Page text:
The Duncan Banner
Through bond funds, the Duncan High School is getting more than a facelift.
Work on the high school renovation project began Monday with a completion date set for January 2014. And the work, which is the result of a Feb. 14, 2012, bond election, is beginning to show signs of progress, Duncan Schools Superintendent Sherry Labyer said.
“Careful planning and strategic planning, thoroughness is going to pay off,” Labyer said. “As we move through the building, we may find some unforeseen issues. But we have contingency funds set aside to take care of those.”
Duncan voters approved $19.03 million for the bond issue and much of that money will be used to renovate the high school, something that hasn’t happened since the school was constructed for the 1960-61 school year. During the June 4 regular meeting, the Duncan Board of Education approved the guaranteed maximum price of $14,770,775.66 to renovate the high school.
The remainder of the funds, with the exception of the contingency funds, will be used for technology, textbooks, and to pay for fees for the bonding company, the architect and the contracting company. The contingency funds are extra funds that take care of unforeseen problems.
“By taking our time, the scopes of work have started to pay off,” Labyer said. “There will be some growing pains.”
During Tuesday’s regular meeting of the Duncan Board of Education, the board approved bids for the electric, and for the canopy and covers. Labyer said the approved bids came in under the budgeted amount the school board would have approved.
For instance, the budgeted amount set for the electric portion was $1,867,000. But the approved electric bid was $1,611,800, meaning the bid come in $255,200 under the maximum price.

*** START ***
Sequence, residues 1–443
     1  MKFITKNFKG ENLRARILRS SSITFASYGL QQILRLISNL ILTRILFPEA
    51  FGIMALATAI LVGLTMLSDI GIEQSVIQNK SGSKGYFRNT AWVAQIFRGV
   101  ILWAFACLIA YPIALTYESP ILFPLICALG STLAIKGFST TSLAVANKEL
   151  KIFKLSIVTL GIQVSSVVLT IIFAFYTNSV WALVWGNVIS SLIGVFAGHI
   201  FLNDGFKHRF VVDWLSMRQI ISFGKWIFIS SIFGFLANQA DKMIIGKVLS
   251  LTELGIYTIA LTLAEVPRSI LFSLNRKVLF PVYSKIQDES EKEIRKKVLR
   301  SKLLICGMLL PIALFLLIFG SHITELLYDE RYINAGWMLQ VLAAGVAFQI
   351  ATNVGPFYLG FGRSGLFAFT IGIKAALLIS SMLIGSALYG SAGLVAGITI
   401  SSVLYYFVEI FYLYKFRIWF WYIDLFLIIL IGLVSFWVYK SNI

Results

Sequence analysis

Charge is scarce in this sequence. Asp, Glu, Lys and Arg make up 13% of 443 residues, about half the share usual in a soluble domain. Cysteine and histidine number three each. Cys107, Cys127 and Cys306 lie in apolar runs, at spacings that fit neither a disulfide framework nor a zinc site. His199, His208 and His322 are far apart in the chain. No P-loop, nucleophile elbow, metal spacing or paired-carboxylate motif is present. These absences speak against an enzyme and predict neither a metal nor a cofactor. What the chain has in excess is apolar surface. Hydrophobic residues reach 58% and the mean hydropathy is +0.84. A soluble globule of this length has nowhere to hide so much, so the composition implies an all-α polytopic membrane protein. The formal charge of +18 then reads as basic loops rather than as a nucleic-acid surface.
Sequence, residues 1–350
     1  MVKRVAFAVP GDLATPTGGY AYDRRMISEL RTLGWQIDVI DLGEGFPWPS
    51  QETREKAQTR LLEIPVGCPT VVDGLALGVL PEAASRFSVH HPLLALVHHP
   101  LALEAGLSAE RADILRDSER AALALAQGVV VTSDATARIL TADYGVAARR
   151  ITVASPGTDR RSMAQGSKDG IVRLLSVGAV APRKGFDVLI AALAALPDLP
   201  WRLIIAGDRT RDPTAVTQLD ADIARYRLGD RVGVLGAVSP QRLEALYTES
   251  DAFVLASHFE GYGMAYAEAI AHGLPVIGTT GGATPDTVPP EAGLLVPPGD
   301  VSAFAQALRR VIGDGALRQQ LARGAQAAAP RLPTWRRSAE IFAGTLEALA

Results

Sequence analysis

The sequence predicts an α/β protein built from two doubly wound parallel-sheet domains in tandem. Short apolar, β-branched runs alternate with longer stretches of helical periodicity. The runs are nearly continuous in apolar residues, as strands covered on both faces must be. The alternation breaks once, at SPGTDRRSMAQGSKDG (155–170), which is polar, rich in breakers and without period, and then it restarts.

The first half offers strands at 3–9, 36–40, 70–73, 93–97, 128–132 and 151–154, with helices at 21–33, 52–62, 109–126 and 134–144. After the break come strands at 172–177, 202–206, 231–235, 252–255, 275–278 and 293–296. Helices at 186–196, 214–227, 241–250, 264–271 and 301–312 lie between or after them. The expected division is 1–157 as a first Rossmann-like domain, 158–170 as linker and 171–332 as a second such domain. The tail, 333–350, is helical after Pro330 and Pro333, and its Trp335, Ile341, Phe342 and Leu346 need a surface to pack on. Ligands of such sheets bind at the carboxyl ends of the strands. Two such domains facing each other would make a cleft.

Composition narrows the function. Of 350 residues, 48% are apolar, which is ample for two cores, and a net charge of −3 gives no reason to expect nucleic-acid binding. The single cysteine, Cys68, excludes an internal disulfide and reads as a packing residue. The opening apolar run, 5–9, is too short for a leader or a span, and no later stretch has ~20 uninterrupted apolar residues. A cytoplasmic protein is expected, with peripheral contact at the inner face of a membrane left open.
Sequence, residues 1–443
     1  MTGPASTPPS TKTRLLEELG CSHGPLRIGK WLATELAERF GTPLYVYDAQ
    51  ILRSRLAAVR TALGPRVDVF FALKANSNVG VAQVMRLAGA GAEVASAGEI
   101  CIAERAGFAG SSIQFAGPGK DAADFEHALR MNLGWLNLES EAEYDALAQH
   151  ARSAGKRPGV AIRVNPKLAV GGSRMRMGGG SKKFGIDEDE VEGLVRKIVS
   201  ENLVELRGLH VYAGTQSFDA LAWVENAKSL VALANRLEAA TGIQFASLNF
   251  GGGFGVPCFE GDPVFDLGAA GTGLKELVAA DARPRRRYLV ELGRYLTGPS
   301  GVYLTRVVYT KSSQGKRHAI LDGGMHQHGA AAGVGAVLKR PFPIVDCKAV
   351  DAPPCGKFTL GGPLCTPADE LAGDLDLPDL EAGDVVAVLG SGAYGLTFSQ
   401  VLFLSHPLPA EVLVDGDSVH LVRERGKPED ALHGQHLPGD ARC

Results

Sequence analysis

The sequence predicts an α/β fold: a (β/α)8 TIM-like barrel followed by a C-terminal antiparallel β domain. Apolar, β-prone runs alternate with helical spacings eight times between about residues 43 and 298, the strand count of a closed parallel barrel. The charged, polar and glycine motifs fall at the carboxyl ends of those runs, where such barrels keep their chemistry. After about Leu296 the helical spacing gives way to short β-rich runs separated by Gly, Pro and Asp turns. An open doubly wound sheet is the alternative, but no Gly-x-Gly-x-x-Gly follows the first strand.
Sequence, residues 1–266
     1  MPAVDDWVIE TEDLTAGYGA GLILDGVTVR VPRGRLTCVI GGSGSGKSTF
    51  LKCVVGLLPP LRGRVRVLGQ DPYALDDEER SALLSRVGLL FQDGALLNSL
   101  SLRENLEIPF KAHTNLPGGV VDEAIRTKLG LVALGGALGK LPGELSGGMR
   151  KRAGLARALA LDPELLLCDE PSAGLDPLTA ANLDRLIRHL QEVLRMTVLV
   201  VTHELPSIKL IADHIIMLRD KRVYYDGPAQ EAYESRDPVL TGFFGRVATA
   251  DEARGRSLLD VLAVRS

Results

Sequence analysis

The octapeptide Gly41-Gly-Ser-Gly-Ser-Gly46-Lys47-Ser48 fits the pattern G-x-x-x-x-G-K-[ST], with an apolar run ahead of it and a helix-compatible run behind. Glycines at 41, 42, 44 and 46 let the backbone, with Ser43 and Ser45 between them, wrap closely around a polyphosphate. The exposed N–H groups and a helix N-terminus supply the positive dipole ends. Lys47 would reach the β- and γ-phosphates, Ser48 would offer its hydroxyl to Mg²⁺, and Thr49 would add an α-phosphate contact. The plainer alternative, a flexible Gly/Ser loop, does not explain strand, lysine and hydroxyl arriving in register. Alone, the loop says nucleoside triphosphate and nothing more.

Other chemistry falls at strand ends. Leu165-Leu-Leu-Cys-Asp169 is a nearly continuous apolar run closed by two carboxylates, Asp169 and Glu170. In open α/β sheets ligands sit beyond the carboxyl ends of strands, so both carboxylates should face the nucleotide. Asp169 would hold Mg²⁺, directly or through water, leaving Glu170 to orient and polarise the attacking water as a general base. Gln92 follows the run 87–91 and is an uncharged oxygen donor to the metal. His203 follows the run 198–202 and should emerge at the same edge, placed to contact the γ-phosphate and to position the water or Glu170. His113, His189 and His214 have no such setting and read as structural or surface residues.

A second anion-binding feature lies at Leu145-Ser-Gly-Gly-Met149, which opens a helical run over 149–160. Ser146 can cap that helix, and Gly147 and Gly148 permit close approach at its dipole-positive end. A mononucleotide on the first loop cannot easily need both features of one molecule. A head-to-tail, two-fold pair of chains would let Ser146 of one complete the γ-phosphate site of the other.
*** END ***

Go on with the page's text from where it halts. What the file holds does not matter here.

The budgeted price on the canopy and covers was $364,933, but the bid came in at $215,000. This is a difference of $149,993.
Leftover funds from the main project, if the project portions come under bid, go into the contingency fund. Once the main portion of the project is completed, remaining funds could be used on the two alternative projects, including upgrading a portion of the West Building to be use for the EDGE Academy and remodeling the Art Building.
“With the electric and the canopy bids coming in under bid, that makes our contingency fund stronger,” Labyer said. “It could help stretch to include those alternatives. But we don’t know what the unforeseen issues will be (in the Main Building).”
The school district held a ground-breaking ceremony June 10. Monday, various machines were used to remove trees from the front of the high school campus. This portion of the work will create a bus loop at the front of the high school to allow work to proceed on the backside of the Main Building.
Labyer said the next few months will be a constant transition for the campus, from moving teachers to creating a new face to the high school.
“We’re making progress,” Labyer said. “It’s exciting. Progress sometimes is messy. We’ll go through an unsightly stage, a growing stage, to get it where we need to.”